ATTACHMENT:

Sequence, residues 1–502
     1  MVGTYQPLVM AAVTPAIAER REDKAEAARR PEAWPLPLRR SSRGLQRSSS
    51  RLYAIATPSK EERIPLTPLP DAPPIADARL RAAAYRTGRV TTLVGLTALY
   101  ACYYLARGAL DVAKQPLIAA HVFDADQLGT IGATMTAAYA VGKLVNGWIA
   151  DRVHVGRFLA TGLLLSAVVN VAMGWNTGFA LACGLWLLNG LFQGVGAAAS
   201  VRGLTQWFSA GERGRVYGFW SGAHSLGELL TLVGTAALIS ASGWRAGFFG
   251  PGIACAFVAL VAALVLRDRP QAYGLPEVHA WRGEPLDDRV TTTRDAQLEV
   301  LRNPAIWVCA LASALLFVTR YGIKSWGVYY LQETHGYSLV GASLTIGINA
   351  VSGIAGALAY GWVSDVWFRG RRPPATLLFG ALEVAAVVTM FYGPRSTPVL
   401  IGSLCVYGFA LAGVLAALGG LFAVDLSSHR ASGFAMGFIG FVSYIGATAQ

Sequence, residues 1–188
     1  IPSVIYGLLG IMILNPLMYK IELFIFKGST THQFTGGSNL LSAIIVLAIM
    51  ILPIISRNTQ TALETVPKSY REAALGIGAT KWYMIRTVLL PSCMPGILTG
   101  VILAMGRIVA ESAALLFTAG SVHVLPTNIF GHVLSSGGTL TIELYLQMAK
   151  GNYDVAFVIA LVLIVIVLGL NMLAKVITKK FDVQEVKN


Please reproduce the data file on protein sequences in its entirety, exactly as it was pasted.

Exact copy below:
Sequence, residues 1–502
     1  MVGTYQPLVM AAVTPAIAER REDKAEAARR PEAWPLPLRR SSRGLQRSSS
    51  RLYAIATPSK EERIPLTPLP DAPPIADARL RAAAYRTGRV TTLVGLTALY
   101  ACYYLARGAL DVAKQPLIAA HVFDADQLGT IGATMTAAYA VGKLVNGWIA
   151  DRVHVGRFLA TGLLLSAVVN VAMGWNTGFA LACGLWLLNG LFQGVGAAAS
   201  VRGLTQWFSA GERGRVYGFW SGAHSLGELL TLVGTAALIS ASGWRAGFFG
   251  PGIACAFVAL VAALVLRDRP QAYGLPEVHA WRGEPLDDRV TTTRDAQLEV
   301  LRNPAIWVCA LASALLFVTR YGIKSWGVYY LQETHGYSLV GASLTIGINA
   351  VSGIAGALAY GWVSDVWFRG RRPPATLLFG ALEVAAVVTM FYGPRSTPVL
   401  IGSLCVYGFA LAGVLAALGG LFAVDLSSHR ASGFAMGFIG FVSYIGATAQ

Sequence, residues 1–188
     1  IPSVIYGLLG IMILNPLMYK IELFIFKGST THQFTGGSNL LSAIIVLAIM
    51  ILPIISRNTQ TALETVPKSY REAALGIGAT KWYMIRTVLL PSCMPGILTG
   101  VILAMGRIVA ESAALLFTAG SVHVLPTNIF GHVLSSGGTL TIELYLQMAK
   151  GNYDVAFVIA LVLIVIVLGL NMLAKVITKK FDVQEVKN